How to Change the CSS of a WordPress Theme (and Not Go Crazy)

CSS going crazy

The subject we’ll be tackling is how to make clean, logical, stable changes to the CSS of your WordPress site. We’ll be accounting for the fact that this often involves overriding existing CSS styles from the original parent theme, as well as plugin files, while leaving them intact—meaning that you’ll be working within a large, often complex landscape of overlapping CSS styles.

For this article, it’s best if you have general understanding of the following:

If any of the above is new to you, now’s a great time to learn those things! We’ll be here.

We’ll look at the two core concepts you need to make intelligent CSS changes to your WordPress site, and then look at a couple of case studies to draw out principles to work from.

Core concepts: breadth and specificity

Every styling change you make needs to get two things right:

  1. Breadth: The style applies to elements it should apply to, and doesn’t apply to elements it shouldn’t apply to.
  2. Specificity: The style shows up under the correct circumstances, by overriding more general styles that also apply to the same elements, and being overridden by more specific styles.

More on breadth

Breadth is using the right CSS identifiers to make sure which elements you talk to.

So breadth is using the right CSS identifiers to make sure which elements you talk to.

There are a few ways to achieve breadth. For starters, * means “everything,” so html * targets everything inside the HTML document—everything but the HTML tag itself. More common is to target multiple elements in a single style declaration: p, div.contains-text will target all p elements, plus all div elements with class “contains-text.” There’s also the “implied breadth” of writing a style directly to a very common element, like img or p; these changes will show up wherever these elements are used across your site.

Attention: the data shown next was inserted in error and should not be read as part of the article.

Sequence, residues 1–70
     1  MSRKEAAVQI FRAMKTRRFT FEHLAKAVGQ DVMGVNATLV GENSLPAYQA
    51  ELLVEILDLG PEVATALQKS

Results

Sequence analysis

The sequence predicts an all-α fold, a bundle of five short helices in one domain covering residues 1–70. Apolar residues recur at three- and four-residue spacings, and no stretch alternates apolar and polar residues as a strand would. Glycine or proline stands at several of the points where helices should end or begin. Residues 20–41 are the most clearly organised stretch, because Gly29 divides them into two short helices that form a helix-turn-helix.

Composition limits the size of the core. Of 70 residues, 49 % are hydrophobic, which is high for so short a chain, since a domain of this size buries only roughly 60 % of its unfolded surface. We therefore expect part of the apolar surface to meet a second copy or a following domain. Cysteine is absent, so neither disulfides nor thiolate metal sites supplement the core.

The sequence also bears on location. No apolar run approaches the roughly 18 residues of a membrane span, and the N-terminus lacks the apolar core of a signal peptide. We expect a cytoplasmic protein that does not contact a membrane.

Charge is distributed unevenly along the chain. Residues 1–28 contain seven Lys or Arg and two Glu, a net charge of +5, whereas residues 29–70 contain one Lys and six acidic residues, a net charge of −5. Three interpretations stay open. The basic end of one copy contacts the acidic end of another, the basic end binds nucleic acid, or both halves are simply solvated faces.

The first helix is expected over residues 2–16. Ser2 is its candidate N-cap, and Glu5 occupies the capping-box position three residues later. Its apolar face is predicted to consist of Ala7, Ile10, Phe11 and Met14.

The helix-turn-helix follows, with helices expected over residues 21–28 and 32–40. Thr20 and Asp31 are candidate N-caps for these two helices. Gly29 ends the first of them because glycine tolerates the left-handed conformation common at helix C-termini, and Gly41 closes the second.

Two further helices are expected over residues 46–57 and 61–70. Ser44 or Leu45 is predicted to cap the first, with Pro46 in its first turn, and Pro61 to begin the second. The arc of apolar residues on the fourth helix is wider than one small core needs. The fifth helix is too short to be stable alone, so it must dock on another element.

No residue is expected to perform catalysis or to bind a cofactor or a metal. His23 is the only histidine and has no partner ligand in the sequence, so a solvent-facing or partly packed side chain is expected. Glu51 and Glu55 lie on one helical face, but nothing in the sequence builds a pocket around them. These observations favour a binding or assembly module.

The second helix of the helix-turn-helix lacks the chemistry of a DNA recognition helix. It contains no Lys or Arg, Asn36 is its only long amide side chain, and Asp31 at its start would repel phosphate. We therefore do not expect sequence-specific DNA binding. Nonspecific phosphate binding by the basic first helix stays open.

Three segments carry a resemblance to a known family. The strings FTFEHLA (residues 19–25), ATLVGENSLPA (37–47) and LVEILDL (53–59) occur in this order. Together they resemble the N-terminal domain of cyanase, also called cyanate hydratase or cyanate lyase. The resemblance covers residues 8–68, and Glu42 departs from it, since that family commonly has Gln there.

Achieving narrowness (low breadth) is at least as important as achieving high breadth. .single #main .entry-body is a narrow CSS identifier we use on the site. It specifies that inside posts with class “single,” and further inside the element with ID “main,” the element with class “entry-body” should have a particular style. That’s a lot more targeted: It’ll ignore everything that isn’t a single blog post (for example, anything in a WordPress page, or a WordPress post archive), and furthermore anything that isn’t the particular “entry-body” element within the main body of a single post.

In WordPress, you’ll spend about equal time making your changes apply everywhere they’re supposed to, and don’t apply where they don’t belong.

In a WordPress context, you’ll spend about equal time trying to make sure that your changes apply everywhere they’re supposed to, and that they don’t apply where they don’t belong. The diversity of page and post templates and other sorts of markup environments across a typical WordPress site can make this tricky, as we’ll see below.

More on specificity

Overruled | CSS specificity in WordPressOverruled!

Specificity is actually a defined technical quantity in CSS. If you haven’t read up on it yet, please do so; you won’t regret it.

Technical details aside, specificity is about determining which styles get priority when multiple styles address the same element. For example, body div is less specific than body div#content, so if those two style declarations conflict on a detail (say, font-size), the latter will win out: its styles will be implemented by the browser, and those styles that contradict it in the less specific declaration won’t be.

Much of your work will be to ensure that your styles are more specific than existing styles from another stylesheet.

Much, but not all, of your work with CSS specificity in WordPress will boil down to ensuring that the style you’re declaring is more specific than an existing style from another stylesheet that talks to the same element.